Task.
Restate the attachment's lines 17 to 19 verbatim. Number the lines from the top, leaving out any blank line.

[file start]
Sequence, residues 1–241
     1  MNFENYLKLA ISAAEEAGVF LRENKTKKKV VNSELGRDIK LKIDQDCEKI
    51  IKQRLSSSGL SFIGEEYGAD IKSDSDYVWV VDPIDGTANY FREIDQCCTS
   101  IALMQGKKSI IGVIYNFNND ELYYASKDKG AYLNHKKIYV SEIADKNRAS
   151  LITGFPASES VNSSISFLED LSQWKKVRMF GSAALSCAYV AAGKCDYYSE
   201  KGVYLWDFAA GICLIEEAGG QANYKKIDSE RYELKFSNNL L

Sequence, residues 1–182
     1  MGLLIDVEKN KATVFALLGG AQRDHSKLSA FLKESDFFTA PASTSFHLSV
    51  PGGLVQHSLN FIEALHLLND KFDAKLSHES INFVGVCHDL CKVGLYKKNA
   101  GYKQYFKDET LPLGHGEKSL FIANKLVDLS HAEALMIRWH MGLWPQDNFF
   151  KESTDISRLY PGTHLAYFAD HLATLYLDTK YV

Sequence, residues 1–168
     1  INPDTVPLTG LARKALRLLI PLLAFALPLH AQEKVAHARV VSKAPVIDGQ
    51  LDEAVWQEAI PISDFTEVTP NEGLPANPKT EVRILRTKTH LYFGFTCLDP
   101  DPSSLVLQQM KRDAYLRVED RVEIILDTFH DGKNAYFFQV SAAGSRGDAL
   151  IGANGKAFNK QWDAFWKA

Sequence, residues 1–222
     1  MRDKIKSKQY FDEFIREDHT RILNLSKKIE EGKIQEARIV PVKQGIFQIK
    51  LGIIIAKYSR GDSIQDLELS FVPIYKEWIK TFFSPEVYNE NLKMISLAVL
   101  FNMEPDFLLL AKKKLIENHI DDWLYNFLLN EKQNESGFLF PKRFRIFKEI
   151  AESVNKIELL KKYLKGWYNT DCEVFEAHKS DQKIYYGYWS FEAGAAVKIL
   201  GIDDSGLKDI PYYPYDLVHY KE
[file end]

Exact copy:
Sequence, residues 1–222
     1  MRDKIKSKQY FDEFIREDHT RILNLSKKIE EGKIQEARIV PVKQGIFQIK
    51  LGIIIAKYSR GDSIQDLELS FVPIYKEWIK TFFSPEVYNE NLKMISLAVL